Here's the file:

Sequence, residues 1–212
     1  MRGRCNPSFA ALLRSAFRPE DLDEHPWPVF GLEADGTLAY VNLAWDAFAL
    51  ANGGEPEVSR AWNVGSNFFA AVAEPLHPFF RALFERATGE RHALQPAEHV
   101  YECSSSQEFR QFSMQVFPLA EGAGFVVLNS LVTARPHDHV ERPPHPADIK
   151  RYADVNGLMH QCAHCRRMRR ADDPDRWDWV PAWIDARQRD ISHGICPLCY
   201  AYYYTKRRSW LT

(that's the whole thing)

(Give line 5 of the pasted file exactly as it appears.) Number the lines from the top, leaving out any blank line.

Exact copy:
   151  RYADVNGLMH QCAHCRRMRR ADDPDRWDWV PAWIDARQRD ISHGICPLCY